Quantum Mutual fund says they are a “different” kind of fund. They have no distributors (you must buy from them or from Personalfn or Equitymaster, their own sites) and say they are a low cost fund. Meaning, you pay no entry load, and no distributor commissions. Plus, they don’t do big advertisements or spend on canvassing money.
On their home page I have noticed some articles. Recently they talked about how your money is looted by “high cost” funds (the ones you regularly hear of such as HDFC Equity or Reliance Vision and so on) – essentially, by charging you for distributor commissions, TV advertisements, billboard costs, etc. through fund management charges. This reduces the total amount of money you have, and therefore your returns.
I agree with them when it comes to entry load. Read my post on How Entry and Exit loads can affect you – where I compare your real returns through ETFs, zero load funds and full-load funds.
But they are wrong when it comes to the whole picture. To give you an example: HDFC Equity fund has more than 4500 cr. under management. The net expense ratio of the fund is 1.83%.
Quantum Long Term Equity fund manages 37 cr. and charges you 2.5%.
For you the story goes like this. If you had 1 lakh in HDFC Equity fund, (ignore the entry load, we’ll come to that later) – the expenses charged to you would have been Rs. 1830. And if you had the same 1 lakh in Quantum long term equity fund, your cost would have been Rs. 2500.
Meaning, Quantum, with all its “low-cost” statements, actually costs you more (on an ongoing basis) than a “high cost” mutual fund like HDFC Equity.
Note: If you had INVESTED the money in the funds one year ago, your story would be different, because entry load for HDFC Equity – 2.25% – would have taken another 2,250 from you making it a worse return. I agree with Quantum on its lower entry load but they compensate by putting in a higher exit load so the next effect is the same if you were to need money today.
Now, how do the 1 year returns compare? Quantum LTEF made 25%. HDFC Equity made 37%. Your one lakh would be worth 1.25 lakhs with Quantum and 1.37 with HDFC Equity. Not only has HDFC charged you lesser as costs, they have also delivered superior returns (so when you consider even that 2.25% entry load, they have done better than Quantum).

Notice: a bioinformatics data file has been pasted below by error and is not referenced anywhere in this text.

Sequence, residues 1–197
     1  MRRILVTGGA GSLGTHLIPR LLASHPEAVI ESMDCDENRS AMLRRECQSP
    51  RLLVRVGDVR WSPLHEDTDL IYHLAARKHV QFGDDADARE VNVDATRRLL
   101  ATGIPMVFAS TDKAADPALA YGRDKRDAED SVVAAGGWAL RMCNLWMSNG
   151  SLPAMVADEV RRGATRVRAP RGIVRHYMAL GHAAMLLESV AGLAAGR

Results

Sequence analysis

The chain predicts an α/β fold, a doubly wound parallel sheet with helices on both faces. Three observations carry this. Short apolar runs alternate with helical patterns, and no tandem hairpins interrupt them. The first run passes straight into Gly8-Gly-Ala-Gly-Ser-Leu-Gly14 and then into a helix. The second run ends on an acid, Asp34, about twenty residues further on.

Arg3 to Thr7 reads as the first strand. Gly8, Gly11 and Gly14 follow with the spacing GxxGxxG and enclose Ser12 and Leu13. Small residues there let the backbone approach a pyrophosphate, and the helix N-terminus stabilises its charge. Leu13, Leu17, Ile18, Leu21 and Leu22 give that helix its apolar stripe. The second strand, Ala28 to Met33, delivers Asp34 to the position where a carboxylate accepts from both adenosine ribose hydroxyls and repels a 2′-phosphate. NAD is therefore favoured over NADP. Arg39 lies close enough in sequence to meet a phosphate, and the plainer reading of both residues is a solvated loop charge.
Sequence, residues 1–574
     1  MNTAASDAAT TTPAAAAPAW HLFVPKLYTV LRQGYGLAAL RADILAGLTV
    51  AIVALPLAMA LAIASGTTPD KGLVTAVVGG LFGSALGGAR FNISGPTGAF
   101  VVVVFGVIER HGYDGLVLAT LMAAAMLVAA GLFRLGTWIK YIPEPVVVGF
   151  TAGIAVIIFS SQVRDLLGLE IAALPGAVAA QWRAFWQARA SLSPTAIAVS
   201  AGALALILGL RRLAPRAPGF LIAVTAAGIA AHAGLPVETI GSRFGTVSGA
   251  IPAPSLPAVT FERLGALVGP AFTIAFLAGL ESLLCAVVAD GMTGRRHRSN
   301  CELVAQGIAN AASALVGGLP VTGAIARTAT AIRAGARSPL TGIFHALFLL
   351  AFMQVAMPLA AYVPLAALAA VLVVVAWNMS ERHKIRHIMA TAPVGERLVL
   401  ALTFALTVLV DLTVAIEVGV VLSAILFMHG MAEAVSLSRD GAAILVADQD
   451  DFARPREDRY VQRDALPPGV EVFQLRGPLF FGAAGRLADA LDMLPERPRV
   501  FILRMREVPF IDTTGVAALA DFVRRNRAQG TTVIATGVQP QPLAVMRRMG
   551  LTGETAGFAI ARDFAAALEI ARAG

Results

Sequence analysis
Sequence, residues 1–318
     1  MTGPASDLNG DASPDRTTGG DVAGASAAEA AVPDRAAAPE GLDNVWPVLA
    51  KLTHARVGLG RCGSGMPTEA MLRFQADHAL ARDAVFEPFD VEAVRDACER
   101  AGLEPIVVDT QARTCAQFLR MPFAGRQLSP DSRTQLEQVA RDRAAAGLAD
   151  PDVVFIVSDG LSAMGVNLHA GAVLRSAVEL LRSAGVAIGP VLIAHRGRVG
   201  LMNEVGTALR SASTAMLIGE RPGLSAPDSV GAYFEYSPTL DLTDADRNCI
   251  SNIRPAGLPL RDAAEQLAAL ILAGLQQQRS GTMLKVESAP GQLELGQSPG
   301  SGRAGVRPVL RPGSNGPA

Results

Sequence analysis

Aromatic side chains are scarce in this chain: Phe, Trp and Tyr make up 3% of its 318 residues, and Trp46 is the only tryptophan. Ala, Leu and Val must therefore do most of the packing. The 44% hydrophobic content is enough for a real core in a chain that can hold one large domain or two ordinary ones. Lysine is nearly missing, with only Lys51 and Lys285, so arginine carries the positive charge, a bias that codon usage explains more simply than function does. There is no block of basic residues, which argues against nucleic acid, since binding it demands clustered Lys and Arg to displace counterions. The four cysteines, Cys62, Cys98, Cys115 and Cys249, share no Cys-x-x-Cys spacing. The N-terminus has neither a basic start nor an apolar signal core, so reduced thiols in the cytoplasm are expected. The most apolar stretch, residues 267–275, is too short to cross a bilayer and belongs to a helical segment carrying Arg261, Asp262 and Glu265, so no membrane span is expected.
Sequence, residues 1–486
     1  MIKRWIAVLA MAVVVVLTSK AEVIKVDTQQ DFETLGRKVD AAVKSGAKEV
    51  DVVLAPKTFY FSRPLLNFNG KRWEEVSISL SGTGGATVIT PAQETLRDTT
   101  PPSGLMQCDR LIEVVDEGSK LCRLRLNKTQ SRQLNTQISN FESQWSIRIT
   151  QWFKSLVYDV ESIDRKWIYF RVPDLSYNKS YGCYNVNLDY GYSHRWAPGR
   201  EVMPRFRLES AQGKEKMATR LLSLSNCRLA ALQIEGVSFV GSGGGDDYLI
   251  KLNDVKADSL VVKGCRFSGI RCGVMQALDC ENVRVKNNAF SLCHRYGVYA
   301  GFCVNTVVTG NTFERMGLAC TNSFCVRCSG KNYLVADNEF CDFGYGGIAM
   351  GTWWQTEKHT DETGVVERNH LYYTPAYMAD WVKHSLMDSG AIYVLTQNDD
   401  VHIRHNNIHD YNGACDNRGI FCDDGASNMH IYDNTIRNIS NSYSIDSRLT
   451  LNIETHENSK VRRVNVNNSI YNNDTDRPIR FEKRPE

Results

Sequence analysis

Low cost does not necessarily mean better. Sony TVs and Toshiba Laptops are not cheap. And if you still want to go zero load you can choose index funds (like UTI Master Index, UTI Nifty Index etc.) which charge you 0% entry load. (Both those funds returned over 30% last year, and their expense ratios are 0.75%)
Quantum has said that their one year performance is weak because they did not fall that much last year (during the downturn). So when they didn’t fall that much the bounce does not look good. This is a mathematical flaw. If the market went up 50% in one year, you should have made 50% in the last one year (or more, otherwise why should we give you the money).
Just because they lost lesser in the downturn doesn’t mean they should be excused for underperforming when the markets go up. The return difference is so big (nearly 12%!) that it merits concern. To save one or two percent in costs, we are giving up 12% in returns?
Quantum stayed in cash last year during the dip and when valuations were low (at 9000 or so). But they remained in cash even after that. Perhaps that was a mistake. After all, I wouldn’t pay someone else to NOT invest my money, would I? Secondly their calls just haven’t been as good as the others. That’s also ok, every fund manager has his day. And finally, they charge you the maximum amount they can – 2.5% – as management fees.
I think it’s easier if Quantum admitted it as their mistake instead of weaving excuses for their underperformance. And although they try to come across as the low cost fund, their fund can actually costs you more, as we’ve seen in the recent past.
I’ve met Ajit Dayal, the founder of Quantum, during an investor meet in Bangalore. I think he’s a smart chap. But perhaps these guys need to sit down and work out how they must deliver really low cost and high quality returns – like the Vanguard funds in the US. To be honest I think funds from Benchmark (NiftyBeES, Junior BeES etc.) are lower cost than any others I have ever seen, even if you considered brokerage costs.